Evangelicals should pay heed to what Briggs notes when asked about places he expected to find the Bible, but didn’t. “In the mega-type churches – the churches that were really heavily loaded with the visual and the audio and the rest of the electronic stuff, the music – I was really stunned by what I saw as that alternative version of Christianity being delivered through those means.”

Christians cannot grow spiritually beyond their knowledge of Scripture. We may have relational ministry, we may have worship teams, we may have what some view as crass “theotainment”, but if we do not have a deep and growing relationship with reading the Bible, we will not have conformity to Christ. No amount of community can make up for our lack of attention to the written word of God. Our pedigree means nothing. It doesn’t matter who started your church,  or what association or coalition we are part of. If a personal engagement with an open Bible is not part of our faith, we will be spiritually anemic. My sense is that Briggs’ book is part investigative reporting, part lament. He is saddened, as all christians should be, by the erosion of the Bible in not only our public discourse, but in our churches. Take, and read.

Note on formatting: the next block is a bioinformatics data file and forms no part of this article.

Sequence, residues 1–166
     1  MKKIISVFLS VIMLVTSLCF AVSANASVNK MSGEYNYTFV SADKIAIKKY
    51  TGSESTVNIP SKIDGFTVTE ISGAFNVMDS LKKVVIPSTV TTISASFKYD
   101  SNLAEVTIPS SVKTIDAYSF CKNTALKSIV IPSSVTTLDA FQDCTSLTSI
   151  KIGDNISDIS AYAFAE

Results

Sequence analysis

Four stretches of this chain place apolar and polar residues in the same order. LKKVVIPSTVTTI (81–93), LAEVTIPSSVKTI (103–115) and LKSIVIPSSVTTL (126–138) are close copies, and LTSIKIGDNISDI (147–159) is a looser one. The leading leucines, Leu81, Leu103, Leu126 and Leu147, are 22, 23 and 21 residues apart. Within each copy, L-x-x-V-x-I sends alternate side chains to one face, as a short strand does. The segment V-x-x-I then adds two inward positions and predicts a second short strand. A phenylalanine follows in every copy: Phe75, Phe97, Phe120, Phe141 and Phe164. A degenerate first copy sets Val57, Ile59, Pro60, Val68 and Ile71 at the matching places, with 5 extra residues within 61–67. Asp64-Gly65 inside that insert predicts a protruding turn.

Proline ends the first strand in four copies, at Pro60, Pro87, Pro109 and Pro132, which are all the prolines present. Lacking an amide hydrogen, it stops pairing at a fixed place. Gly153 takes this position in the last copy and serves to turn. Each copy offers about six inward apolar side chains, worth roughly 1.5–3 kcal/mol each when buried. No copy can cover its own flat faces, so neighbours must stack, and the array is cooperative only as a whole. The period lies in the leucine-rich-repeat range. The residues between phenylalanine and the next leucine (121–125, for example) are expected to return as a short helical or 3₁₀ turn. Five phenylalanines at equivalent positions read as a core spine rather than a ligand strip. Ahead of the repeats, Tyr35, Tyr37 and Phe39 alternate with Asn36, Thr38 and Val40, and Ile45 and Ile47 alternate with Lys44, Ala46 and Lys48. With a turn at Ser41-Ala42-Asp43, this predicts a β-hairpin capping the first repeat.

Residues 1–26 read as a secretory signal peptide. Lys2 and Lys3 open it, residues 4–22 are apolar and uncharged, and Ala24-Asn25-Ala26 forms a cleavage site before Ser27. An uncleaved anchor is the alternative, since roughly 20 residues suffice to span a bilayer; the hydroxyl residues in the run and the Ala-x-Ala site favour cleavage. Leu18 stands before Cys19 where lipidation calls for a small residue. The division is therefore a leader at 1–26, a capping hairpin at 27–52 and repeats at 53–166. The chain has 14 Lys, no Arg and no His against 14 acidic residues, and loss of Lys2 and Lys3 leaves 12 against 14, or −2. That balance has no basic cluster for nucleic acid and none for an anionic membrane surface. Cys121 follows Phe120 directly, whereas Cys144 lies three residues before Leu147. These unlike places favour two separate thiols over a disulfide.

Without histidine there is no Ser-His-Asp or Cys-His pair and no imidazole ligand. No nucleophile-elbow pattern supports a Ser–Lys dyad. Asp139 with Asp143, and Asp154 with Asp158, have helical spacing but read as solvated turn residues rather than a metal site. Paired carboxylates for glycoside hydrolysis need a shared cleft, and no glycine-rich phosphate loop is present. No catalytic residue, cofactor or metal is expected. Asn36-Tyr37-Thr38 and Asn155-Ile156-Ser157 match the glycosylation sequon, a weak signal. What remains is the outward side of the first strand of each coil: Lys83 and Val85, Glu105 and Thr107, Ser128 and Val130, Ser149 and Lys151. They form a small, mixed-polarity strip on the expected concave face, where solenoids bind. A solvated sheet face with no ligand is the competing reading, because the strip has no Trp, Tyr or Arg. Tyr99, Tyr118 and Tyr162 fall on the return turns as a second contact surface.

Both conservative and liberal Catholics agree – Pope Francis is changing church teaching

Is the pope playing a theological shell game?